I got up to level 8 (of 9) during my first stint with Super Ninja Slash, but had to close out for work-related reasons. I kind of wish that, just like in Kingdom Rush, local progress data was still saved somehow, but I won’t mind replaying the levels again too much as it is all training for the later, more difficult parts. The website even keeps track of who is the fastest ninja, the deadliest, and the most peaceful, though I suspect I’ll never hit the top of any of those lists due to my lackluster keyboard skills, but that’s okay. Ninjas aren’t meant to be seen, anyways.

Perfection is earning all the Seals from every level in Mark of the Ninja

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Well, this certainly didn’t happen over night, but it finally happened nonetheless:

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Perfection (15G): Earn all the Seals in every level.

For those that don’t know, Seals are basically optional objectives, and there are three for every level in Mark of the Ninja. Some require you to reach a specific spot within a certain time limit and others are more tricky, requiring restraint and patience. Such as the last one that I got to unlock the above Achievement, which tasked our ninja friend with pickpocketing two keys instead of killing the guards holding them and taking them from their sliced up bodies. Well, that’s how I did it my first time through, but going the stealthier route forced me to move more slowly and be very aware of my surroundings. Which is fine, because this game is so dang rewarding, making one feel like he or she really is the shadow in the night, the hand from the darkness, the unseen that moves like the wind.

In the end, none of the Seals were too painful to get, just time-consuming. I tried to get what I could during my first playthrough of Mark of the Ninja, but due to tiny text syndrome, my bad eyes, and an iffy font choice, I had a hard time reading most of the instructions. So I skipped a lot of Seal tasks or just plain missed doing something because I didn’t know it could be done. And so, long after the fact, I did something I haven’t done in a while and don’t do often just from a sheer dislike in following along instead of figuring things out on my own: printed out a checklist from an online guide. The last time I did this? Hmm. Probably the alchemy recipes for Dragon Quest VIII. Well, I also began to record some item collecting in Borderlands, but that fizzled out fast as soon as Borderlands 2 dropped. Regardless, it really helped a lot to know exactly what tasks were in each level beforehand and then cross them off as I accomplished them.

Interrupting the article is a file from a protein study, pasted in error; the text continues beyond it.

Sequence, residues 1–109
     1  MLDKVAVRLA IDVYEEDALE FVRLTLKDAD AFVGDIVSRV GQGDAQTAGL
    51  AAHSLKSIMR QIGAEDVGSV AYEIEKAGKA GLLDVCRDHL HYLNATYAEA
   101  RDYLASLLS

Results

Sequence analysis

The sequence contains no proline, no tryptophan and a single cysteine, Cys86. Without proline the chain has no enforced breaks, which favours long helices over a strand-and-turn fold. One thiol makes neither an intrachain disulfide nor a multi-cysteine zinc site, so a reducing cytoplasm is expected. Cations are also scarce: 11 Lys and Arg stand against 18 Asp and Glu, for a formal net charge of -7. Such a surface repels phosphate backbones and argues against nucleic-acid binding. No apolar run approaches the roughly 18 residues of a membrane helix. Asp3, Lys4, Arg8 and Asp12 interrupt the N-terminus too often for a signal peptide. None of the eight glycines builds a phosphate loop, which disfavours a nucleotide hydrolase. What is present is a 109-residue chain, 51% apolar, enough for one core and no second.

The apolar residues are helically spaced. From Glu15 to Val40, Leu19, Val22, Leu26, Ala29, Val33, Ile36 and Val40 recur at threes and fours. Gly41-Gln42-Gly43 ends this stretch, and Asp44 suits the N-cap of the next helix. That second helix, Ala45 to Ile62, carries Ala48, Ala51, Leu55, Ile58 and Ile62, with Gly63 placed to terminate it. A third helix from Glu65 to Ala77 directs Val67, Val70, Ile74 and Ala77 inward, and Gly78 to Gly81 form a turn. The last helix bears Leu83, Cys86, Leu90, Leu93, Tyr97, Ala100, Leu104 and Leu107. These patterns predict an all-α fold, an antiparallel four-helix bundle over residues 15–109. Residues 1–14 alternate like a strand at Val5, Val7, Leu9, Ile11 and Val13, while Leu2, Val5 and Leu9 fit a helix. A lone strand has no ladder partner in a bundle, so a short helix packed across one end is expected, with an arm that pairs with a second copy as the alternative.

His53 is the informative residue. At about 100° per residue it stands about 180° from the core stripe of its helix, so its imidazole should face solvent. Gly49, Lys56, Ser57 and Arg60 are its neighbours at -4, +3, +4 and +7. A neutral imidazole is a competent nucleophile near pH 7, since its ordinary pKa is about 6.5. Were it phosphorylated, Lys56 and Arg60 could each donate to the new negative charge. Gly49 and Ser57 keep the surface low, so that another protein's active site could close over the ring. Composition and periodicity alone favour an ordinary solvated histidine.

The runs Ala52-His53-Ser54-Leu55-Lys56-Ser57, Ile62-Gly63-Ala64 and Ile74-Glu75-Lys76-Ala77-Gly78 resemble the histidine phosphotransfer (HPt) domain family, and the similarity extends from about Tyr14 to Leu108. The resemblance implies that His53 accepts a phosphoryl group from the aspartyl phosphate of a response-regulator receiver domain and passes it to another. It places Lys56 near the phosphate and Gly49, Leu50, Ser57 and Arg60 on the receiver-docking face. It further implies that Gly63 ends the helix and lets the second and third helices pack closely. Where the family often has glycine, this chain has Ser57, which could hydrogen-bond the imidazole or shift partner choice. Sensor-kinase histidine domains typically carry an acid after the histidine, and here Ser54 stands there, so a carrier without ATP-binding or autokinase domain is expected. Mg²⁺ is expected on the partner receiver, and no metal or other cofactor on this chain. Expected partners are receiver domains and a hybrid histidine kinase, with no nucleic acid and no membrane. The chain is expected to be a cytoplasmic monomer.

Still working on completing all the Challenge Rooms, finding all the hidden haiku thingies, earning all upgrades for the ninja, and acquiring a ranking of three stars for each level. Yeah, all those tasks–at once. I’m pretty close on each of ’em, but it’s a slow creep, with constant checking and sometimes having to replay the entire level to make ends meet. After this, all that’s left for me to experience in Mark of the Ninja is a New Game+ playthrough, which I’m hesitant about doing. I like to pretend I’m a great ninja, but truthfully, I’m great ninja because of all the systems already in place; remove those, and I’m just a dude in a funny costume hopping off walls like a madman. At least, that’s what I suspect. I’ll probably give it a try, but if the early levels prove troublesome, then there’s no way I’ll get through the final ones on my skills alone.

Smart, smooth stealth action in Mark of the Ninja

As frustrating as they can get, I love stealth-based videogames. It probably all began, to no one’s surprise, with Metal Gear Solid for the PlayStation 1 back in the late 1990s. As Solid Snake, a real grunt of a guy, you had to sneak through a nuclear weapons storage facility on Shadow Moses Island, which has been attacked and overtaken by a group of terrorists known as FOXHOUND. The terrorists have taken two hostages: DARPA Chief Donald Anderson and ArmsTech President Kenneth Baker. For me, gameplay was fundamentally different than anything else I had thus experienced on my PlayStation 1 and SNES before it. Your goal was to avoid detection, as much as possible. And when you did, after much crawling under things, pressing your body against walls, and creeping down the line under a cardboard box, you truly felt like king of the castle.